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ATTENTION: This job expired Aug. 19, 2009 and is no longer linked from the job list. If you are the job poster and would like to renew the listing, please access it through "My Job Listings" (available when logged in only).

PhD in Anthropology (in collaboration with Psychology) Towards an understanding of cumulative culture: A developmental and comparative perspective

Hiring Organization:
Durham University (Supervisors: Dr R Kendal and Dr E Flynn)

Date Posted:
2009-07-20

Position Description:
The question of human uniqueness is one that spurred heated debate in Darwin’s day and continues to do so today. While many claims to human uniqueness (eg. language, theory of mind) receive thorough investigation, cumulative culture (CC) or ‘ratcheting’ (the accumulation of beneficial behavioural modifications over generations1; e.g. abacus to computer) has received scant empirical attention. There are many theories as to why CC is lacking outside humans (but see 2-4); chief among these being cognitive constraints. We put arguments regarding imitation and teaching5,1,6 aside and propose a novel and interdisciplinary investigation of an alternative explanation that humans lack the accuracy of appraisal - necessary for ratcheting of behaviour - to determine whether the behaviour of another is more profitable than their own7. The ability to use this strategy of ‘copy if better’, has received theoretical attention from economists8 but little empirical exploration9. In brief, investigations would involve presenting individuals with puzzle-boxes containing a cumulative series of defences associated with rewards. Depending upon condition, we would vary reward size at defences to establish whether individuals can learn, through observation, that later defences in the series reap larger rewards, and - if able to accurately appraise - whether this motivation facilitates CC.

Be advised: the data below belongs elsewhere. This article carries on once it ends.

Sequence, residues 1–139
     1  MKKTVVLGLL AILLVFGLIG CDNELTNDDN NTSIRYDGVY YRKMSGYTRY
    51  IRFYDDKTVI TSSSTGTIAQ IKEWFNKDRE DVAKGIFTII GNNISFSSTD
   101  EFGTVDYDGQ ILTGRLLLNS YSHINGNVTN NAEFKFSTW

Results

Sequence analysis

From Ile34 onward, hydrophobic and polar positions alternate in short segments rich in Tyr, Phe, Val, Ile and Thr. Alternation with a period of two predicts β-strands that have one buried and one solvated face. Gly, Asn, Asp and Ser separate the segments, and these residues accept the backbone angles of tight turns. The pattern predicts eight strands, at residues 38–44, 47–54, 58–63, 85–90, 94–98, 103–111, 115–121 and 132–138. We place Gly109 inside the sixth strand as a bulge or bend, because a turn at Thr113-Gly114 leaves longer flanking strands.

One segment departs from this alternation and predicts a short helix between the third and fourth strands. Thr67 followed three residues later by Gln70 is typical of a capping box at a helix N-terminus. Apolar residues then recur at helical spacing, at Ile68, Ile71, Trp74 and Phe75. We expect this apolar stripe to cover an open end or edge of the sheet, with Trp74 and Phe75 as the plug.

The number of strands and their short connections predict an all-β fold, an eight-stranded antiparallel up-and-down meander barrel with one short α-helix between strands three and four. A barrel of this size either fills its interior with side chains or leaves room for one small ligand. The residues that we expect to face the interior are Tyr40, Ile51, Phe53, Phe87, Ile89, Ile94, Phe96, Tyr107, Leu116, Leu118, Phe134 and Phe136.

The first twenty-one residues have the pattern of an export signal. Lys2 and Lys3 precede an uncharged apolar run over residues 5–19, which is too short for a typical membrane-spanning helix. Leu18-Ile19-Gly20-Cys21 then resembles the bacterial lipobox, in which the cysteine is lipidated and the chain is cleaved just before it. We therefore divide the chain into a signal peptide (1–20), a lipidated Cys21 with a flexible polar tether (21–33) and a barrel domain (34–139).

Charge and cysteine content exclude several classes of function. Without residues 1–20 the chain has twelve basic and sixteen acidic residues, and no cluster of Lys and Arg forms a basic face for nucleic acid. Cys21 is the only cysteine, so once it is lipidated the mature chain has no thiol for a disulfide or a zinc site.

The student would study adult chimpanzees (Pan troglodytes, our closest living relatives), capuchin monkeys (Cebus apella, famed for their tool use) and children of varying ages. This unique combination of developmental and comparative perspectives is an exciting opportunity to investigate the extent to which, and reasons why, human and non-human primates differ in their capacity for CC and how CC is influenced by development in the rich cultural world of humans.

Qualifications/Experience:
Applicants wishing to be considered for the studentship to commence study, in October 2009 or January 2010, should make an application to the University by Monday 10th August 2009, by completing an on-line application form at http://www.dur.ac.uk/postgraduate/apply/. References and supporting documentation should be sent directly to the department by the above deadline. Please indicate that you are applying for the interdisciplinary PhD scholarship. Interviews will take place between 24th August and 4th September.

Candidates must have an MA/MSc in a relevant discipline (or equivalent experience or training), two good academic references and evidence of meeting the University’s competency criteria in English language. Applicants are advised to contact potential supervisors as above to discuss the research proposal.

Salary/funding:
Each award will cover tuition fees up to £3,300 per annum and provide an annual stipend of £5,000, for 3 years on a full-time basis.

Term of Appointment:
October 2009 / January 2010 - October 2012 / January 2013

Application Deadline:
10th August 2009

Comments:
For further information please contact Kate Pedley, Postgraduate & Research Administrator kate.pedley@durham.ac.uk (0191 334 1608) in the Department of Anthropology, Durham University, Dawson Building, South Road, Durham, DH1 3LE, UK.

Contact Information:
Rachel Kendal
Department of Anthropology
Durham DH1 3LE
United Kingdom

Website:
http://www.dur.ac.uk/anthropology/postgraduate/pg_funding/

E-mail Address:
rachel.kendal@durham.ac.uk

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